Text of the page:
If you are not sure whether the embryo is alive, place the egg back in the incubator and retest later. A second test can be made after 14 to 16 days of incubation. If the embryo is living, only one or two small light spaces filled with blood vessels can be seen, and the chick may be observed moving.

17. Contents Of Chicken Egg

The avian egg, in all its complexity, is still a mystery. A highly complex reproductive cell, it is essentially a tiny center of life. Initial development of the embryo takes place in the blastoderm. The albumen surrounds the yolk and protects this potential life. It is an elastic, shock-absorbing semi-solid with a high water content. Together, the yolk and albumen are prepared to sustain life - the life of a growing embryo - for three weeks, in the case of the chicken. This entire mass is surrounded by two membranes and an external covering called the shell. The shell provides for an exchange of gases and a mechanical means of conserving the food and water supply within.

The egg is formed in the mature hen by a reproductive system composed of an ovary and oviduct. Most females have two functional ovaries, but chickens and most other birds have only one ovary and one oviduct. In this oviduct, all parts of the egg, except the yolk, are formed. It is divided into five distinct regions: (1) infundibulum or funnel, (2) magnum, (3) isthmus, (4) uterus or shell gland, and (5) vagina.

The yolk is formed in the follicular sac by the deposition of continuous layers of yolk material. Ninety-nine percent of the yolk material is formed within the 7-9 days before the laying of the egg. When the yolk matures, the follicular sac ruptures or splits along a line with few, of any, blood vessels. If any blood vessels cross the stigma, a small drop of blood may be deposited on the yolk as it is released from the follicle. This causes most blood spots in eggs. After the yolk is released from the follicle, it is kept intact by the vitelline membrane surrounding it. The release of the yolk from the ovary is called "ovulation."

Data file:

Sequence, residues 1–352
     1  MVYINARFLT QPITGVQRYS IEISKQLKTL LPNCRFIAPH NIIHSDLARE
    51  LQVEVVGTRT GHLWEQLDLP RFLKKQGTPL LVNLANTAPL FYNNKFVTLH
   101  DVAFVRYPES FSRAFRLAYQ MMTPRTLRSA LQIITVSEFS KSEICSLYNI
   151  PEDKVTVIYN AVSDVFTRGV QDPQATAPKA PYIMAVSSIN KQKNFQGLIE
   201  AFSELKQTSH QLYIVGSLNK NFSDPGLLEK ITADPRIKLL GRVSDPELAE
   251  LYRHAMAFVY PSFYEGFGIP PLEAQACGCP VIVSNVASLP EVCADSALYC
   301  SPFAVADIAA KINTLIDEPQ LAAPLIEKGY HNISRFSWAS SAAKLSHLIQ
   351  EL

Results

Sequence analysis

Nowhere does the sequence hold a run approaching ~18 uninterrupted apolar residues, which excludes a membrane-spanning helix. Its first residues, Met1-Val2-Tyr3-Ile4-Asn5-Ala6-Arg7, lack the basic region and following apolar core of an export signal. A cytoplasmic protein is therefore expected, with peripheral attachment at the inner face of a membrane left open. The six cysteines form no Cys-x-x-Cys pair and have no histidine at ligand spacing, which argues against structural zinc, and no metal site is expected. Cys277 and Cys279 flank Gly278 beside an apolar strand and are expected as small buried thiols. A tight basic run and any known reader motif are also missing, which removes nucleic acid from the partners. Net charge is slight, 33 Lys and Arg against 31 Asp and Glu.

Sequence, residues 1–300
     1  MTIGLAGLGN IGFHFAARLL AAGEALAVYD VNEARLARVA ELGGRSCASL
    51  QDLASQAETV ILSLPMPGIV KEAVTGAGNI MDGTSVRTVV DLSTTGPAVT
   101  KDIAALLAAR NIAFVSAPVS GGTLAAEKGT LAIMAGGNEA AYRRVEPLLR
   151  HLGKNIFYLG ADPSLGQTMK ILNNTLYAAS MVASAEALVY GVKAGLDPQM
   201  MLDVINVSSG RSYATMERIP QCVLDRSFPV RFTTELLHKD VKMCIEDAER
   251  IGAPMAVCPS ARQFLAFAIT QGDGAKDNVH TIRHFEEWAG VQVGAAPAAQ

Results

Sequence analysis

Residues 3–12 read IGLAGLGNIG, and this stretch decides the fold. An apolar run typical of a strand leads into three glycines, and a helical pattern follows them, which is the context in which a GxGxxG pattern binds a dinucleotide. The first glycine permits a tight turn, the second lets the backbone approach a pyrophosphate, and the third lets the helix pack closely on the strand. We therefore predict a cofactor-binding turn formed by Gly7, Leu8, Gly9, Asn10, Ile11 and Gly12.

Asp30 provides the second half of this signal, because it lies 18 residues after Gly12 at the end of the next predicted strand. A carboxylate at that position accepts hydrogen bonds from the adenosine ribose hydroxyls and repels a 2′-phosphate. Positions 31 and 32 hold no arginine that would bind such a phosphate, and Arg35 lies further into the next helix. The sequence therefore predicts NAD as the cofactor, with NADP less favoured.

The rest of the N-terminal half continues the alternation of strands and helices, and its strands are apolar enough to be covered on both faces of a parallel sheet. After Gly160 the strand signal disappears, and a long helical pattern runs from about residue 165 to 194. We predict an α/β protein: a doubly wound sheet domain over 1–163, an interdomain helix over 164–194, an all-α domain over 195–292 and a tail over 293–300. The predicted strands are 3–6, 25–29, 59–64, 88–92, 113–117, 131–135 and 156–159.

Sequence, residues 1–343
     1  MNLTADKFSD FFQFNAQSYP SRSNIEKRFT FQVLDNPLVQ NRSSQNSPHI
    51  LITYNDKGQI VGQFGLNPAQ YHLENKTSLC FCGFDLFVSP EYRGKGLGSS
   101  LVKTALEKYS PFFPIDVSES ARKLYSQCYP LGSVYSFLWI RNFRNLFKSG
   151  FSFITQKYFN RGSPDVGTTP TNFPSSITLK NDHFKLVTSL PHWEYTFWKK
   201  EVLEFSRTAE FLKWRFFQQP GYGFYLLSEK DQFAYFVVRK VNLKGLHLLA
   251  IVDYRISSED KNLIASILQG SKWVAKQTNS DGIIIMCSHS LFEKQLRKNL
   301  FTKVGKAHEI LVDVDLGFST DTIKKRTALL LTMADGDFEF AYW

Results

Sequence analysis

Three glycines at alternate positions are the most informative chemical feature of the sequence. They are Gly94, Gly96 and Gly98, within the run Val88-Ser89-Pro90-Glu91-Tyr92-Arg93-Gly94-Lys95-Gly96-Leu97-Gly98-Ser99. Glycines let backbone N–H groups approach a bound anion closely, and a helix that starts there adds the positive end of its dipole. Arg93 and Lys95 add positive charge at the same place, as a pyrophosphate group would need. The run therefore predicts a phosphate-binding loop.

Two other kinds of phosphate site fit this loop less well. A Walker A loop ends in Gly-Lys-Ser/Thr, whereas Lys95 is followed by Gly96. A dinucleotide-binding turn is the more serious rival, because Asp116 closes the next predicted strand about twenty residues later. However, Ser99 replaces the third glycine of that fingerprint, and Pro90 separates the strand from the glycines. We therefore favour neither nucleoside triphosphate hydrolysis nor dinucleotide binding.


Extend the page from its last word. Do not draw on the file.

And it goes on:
After its release from the follicle, the yolk falls into the hen's abdominal cavity. The infundibulum of the oviduct quickly engulfs the yolk with its thin, funnel-like lips. The yolk quickly enters the magnum section of the oviduct where the dense portion of the albumen is added. The shape of the egg is largely determined in this section.

The magnum of the oviduct is divided from the isthmus by a narrow, translucent ring without glands. The isthmus is smaller in diameter than the magnum. It is here the two shell membranes form. The shell membranes loosely contain the yolk and dense white until the rest of the albumen is added in the uterus.

The shell is added in the uterus or shell gland portion of the oviduct. The shell is composed mainly of calcium carbonate. It takes about 20 hours for the egg shell to form. If the hen lays brown eggs, the brown pigments are added to the shell in the last hours of shell formation.

The chalazae, two cord-like structures which keep the yolk centered in the egg, first appear in the uterus. The chalazae also function as an axis around which the yolk can rotate and keep the germinal disc in hatching eggs uppermost at all times.